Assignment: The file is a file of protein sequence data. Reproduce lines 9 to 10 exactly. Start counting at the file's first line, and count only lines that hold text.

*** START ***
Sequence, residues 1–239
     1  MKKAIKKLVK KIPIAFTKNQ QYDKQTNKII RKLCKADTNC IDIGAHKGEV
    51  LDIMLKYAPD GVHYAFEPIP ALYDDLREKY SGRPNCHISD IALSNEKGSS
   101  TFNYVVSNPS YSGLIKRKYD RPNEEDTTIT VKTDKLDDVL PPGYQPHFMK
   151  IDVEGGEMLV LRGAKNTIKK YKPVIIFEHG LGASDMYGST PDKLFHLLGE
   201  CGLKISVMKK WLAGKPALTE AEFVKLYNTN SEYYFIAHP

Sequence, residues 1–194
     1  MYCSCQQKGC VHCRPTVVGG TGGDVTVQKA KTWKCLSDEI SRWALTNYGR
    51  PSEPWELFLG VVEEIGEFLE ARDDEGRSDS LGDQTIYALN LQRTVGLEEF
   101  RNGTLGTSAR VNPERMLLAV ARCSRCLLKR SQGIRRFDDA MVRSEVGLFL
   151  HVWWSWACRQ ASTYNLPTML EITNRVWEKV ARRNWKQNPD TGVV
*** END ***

    51  PSEPWELFLG VVEEIGEFLE ARDDEGRSDS LGDQTIYALN LQRTVGLEEF
   101  RNGTLGTSAR VNPERMLLAV ARCSRCLLKR SQGIRRFDDA MVRSEVGLFL